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Forty Years with Birds and Dogs 

What You Expect Is What You Read—Or Not

Since viewing the Nature program “Animal Odd Couples,” a PBS video, I’ve been focused on the many engaging stories aired by PBS and by many authors, including Penny Patterson, and Koko, Temple Grandin, making a difference, and Frans deWaal, studying animal emotions. Therefore, I expected more anecdotes when I started reading Gary Kowalski’s Blessings of the Animals.

Indeed, in the middle of that book, there are some good stories--a polar bear coming nightly to play with Huskys in Alaska, a young leopard playing with a Golden Retriever puppy in South Africa, the friendship of two Groton goats and a timber wolf at the San Diego Zoo, the gorilla Koko and her kitten.

As I began reading I became disoriented. The first two chapters of Kowalski’s book talked about animals in church and something about old saints. I should have known better. The book was about blessings. The title said so.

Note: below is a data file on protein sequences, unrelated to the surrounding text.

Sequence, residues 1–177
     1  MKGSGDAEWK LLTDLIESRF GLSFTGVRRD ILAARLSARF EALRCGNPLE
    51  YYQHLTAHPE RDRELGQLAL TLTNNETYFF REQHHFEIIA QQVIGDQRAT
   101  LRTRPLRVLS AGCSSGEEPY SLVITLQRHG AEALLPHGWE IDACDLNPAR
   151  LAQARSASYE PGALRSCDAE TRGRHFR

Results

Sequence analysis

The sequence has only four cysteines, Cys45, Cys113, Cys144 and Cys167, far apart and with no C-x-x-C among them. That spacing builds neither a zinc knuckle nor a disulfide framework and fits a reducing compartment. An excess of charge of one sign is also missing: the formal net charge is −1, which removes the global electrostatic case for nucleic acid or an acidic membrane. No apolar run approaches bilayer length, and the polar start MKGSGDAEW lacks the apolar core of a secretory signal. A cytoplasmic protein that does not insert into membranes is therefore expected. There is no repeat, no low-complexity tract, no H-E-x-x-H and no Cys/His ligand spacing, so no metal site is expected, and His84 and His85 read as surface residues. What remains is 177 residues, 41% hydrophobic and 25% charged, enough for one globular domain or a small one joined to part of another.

Once I woke up to that fact, I was ready for the wonderful examples of blessings the author had written. Each chapter illustrated a different way in which animals have blessed human life.

Our job as writers clearly demands that we do our best to reflect the essence of our stories in our titles and 25-word tags. As readers, it might be helpful to believe what the titles of books are trying to say.

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